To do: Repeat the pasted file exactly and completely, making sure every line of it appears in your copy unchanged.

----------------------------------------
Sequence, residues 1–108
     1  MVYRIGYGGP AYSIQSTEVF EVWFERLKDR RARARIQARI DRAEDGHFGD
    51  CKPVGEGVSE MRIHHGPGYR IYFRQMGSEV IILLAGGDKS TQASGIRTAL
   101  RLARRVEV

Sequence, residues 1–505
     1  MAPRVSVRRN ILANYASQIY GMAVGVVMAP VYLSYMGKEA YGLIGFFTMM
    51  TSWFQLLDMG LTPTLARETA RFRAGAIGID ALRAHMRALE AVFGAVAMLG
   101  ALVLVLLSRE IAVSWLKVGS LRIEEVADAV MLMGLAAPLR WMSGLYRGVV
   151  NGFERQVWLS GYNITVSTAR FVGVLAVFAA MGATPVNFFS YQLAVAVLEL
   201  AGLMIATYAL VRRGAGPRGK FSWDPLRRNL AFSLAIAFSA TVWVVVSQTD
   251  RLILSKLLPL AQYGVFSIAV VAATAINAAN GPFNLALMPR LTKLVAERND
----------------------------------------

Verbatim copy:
Sequence, residues 1–108
     1  MVYRIGYGGP AYSIQSTEVF EVWFERLKDR RARARIQARI DRAEDGHFGD
    51  CKPVGEGVSE MRIHHGPGYR IYFRQMGSEV IILLAGGDKS TQASGIRTAL
   101  RLARRVEV

Sequence, residues 1–505
     1  MAPRVSVRRN ILANYASQIY GMAVGVVMAP VYLSYMGKEA YGLIGFFTMM
    51  TSWFQLLDMG LTPTLARETA RFRAGAIGID ALRAHMRALE AVFGAVAMLG
   101  ALVLVLLSRE IAVSWLKVGS LRIEEVADAV MLMGLAAPLR WMSGLYRGVV
   151  NGFERQVWLS GYNITVSTAR FVGVLAVFAA MGATPVNFFS YQLAVAVLEL
   201  AGLMIATYAL VRRGAGPRGK FSWDPLRRNL AFSLAIAFSA TVWVVVSQTD
   251  RLILSKLLPL AQYGVFSIAV VAATAINAAN GPFNLALMPR LTKLVAERND